Probate court is an in-depth kind of court that manages the property and debts of an individual that has passed away.
The primary responsibility of the probate court judge is to guarantee that the deceased individual’s creditors get paid, and that any lingering assets are allocated to the appropriate beneficiaries.
What Is Probate?
Probate is a legal process in which a court manages the allocation of property of an individual that has passed away. A lot of states have an in-depth probate court.
In many states it is known by other monikers, like Surrogate’s, Orphan’s or Chancery Court, respectively.
The court designates an individual to manage the deceased individual’s assets, guarantee that all debts are correctly paid, and allocate the leftover property to the appropriate beneficiaries.
Probate Not Having a Will
When an individual passes away not having a will, the property is allocated to the deceased individual’s next of kin, as specified by the state’s probate laws. This portion of the probate law is called the law of intestate succession.
It details the order that immediate family inherit. A surviving spouse receives a portion of the decedent’s property. The law additionally deconstructs the order that grandchildren, brothers and/or sisters, parents, and aunts and/or uncles inherit.
The specifics differ from state to state. To some extent, the law of intestate succession could be deemed to be the “will” the state creates for you if you don’t create one for yourself.
Probate Having a Will
When an individual passes away with a will (usually named as a last will and testament), the property is allocated to the individuals or associations (like charities) the will establishes to receive it.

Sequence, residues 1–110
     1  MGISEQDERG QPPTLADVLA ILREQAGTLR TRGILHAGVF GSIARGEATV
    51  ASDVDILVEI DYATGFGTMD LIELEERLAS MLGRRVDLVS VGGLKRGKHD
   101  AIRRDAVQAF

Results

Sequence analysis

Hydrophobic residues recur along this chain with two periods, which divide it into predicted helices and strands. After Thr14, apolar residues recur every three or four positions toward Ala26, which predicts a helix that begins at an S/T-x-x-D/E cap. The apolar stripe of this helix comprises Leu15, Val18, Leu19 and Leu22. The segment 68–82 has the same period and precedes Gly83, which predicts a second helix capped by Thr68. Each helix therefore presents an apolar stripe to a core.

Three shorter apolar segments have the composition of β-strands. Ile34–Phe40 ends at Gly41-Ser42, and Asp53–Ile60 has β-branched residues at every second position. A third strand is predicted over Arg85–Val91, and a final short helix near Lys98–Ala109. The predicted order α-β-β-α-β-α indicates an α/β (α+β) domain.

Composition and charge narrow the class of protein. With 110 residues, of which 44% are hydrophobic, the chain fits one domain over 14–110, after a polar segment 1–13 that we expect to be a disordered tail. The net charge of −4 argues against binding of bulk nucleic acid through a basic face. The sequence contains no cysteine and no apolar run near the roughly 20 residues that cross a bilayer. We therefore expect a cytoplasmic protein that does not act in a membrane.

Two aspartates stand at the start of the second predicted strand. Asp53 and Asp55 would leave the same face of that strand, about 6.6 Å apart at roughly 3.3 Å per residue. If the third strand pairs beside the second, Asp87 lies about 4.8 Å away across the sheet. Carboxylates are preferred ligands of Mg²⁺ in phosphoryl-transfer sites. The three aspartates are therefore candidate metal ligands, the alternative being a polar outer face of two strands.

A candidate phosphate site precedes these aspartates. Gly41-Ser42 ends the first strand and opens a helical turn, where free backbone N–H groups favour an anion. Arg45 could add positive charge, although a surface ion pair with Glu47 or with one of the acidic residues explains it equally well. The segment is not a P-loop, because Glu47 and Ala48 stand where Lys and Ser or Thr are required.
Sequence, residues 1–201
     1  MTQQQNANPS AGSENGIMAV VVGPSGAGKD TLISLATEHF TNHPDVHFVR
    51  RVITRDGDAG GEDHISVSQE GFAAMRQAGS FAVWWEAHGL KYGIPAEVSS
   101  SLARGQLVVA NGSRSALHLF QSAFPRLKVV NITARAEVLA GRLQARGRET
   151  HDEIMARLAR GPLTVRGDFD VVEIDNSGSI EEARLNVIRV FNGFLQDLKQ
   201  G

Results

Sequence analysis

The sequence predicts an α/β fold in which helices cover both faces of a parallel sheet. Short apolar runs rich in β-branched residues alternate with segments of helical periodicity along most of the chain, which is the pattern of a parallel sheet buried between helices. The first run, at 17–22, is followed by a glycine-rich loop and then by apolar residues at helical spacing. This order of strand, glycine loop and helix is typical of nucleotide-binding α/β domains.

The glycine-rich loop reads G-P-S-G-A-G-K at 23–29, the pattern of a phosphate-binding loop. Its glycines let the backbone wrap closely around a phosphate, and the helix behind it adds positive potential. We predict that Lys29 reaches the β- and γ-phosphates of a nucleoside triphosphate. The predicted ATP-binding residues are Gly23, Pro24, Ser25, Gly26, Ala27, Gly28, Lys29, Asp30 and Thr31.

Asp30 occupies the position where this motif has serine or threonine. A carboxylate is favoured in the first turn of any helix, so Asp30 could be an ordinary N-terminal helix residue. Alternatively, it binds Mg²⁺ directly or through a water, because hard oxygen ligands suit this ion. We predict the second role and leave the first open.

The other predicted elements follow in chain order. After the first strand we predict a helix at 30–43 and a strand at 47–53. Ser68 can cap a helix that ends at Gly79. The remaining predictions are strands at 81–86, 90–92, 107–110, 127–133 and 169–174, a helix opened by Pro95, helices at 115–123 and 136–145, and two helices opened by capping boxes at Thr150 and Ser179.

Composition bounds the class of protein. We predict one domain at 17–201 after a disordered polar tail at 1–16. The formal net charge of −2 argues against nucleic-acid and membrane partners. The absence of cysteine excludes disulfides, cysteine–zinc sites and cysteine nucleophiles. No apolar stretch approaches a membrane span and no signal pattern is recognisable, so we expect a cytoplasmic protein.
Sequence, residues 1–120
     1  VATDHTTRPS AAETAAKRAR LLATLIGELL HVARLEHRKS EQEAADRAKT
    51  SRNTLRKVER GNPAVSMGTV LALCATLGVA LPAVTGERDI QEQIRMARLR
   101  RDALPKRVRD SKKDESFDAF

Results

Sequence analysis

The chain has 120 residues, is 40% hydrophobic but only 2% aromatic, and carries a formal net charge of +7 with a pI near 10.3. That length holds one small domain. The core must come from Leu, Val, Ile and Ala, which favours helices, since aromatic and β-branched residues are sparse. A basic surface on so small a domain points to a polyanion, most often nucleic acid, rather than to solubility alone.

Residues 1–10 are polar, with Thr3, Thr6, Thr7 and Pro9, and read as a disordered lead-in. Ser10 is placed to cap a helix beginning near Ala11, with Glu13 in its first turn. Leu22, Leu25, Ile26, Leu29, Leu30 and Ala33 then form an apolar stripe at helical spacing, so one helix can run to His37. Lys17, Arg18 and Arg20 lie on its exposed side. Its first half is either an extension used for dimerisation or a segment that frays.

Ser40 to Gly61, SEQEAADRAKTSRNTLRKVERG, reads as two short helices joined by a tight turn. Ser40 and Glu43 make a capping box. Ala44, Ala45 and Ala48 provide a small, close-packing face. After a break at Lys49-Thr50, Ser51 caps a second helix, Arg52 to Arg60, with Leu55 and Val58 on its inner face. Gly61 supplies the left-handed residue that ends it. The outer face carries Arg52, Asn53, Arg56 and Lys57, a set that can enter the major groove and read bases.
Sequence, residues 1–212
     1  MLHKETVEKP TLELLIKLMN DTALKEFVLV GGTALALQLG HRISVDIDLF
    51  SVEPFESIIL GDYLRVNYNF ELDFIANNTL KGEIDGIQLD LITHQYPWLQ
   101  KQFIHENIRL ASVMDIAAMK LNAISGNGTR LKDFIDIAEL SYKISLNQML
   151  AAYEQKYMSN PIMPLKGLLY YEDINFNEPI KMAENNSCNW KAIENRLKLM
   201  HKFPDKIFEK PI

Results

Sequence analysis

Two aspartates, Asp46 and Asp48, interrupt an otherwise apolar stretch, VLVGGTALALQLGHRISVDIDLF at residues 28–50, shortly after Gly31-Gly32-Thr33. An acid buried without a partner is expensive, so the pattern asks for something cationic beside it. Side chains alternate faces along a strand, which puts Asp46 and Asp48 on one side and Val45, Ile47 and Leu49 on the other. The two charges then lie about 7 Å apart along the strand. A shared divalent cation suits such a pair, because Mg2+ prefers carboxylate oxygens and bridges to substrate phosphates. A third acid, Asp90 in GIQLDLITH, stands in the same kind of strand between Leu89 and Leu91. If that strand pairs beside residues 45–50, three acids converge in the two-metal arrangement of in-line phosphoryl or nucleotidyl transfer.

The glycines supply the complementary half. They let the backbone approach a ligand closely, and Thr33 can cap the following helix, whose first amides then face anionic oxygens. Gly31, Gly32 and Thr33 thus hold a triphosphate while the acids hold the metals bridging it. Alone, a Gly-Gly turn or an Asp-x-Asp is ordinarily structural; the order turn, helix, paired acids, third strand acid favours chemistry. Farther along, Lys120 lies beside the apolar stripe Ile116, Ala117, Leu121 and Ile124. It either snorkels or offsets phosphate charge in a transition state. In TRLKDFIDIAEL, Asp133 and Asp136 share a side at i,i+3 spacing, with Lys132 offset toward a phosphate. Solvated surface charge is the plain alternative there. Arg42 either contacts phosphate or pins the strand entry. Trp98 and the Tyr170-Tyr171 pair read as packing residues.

For probating a will, the court must also decide that the will is genuine. If someone challenges the viability of the will, the court will determine the issue.
In every state, even when there is a will, the surviving spouse is warranted to a certain portion of the property. This is known as the surviving spouse’s voluntary portion and the amount of the portion differs by state.
In community property states, with the exception of a separate agreement among spouses, one half of the property acquired by the couple throughout the marriage is owned by the surviving spouse, and the will governs how the decedent’s portion of the community property and the decedent’s individual property are allocated.
The Probate Process
The probate process starts with an individual filing a petition for probate within the probate court. This is typically done by a family member or someone appointed in a will. If a will is present, a copy of the will needs to also be filed (unless it has previously been filed in one of the states that allows filing before death). Many states offer official probate court papers.
The court then issues an order designating an individual to represent the estate. Typically, this individual is known as an executor, but can also be named an administrator if there isn’t a will, and an executor if there is one. A lot of, if not every, wills designate an individual to perform that role.
The executor responsible for managing the administration of the estate. This includes things like:
- Opening an estate financial institution account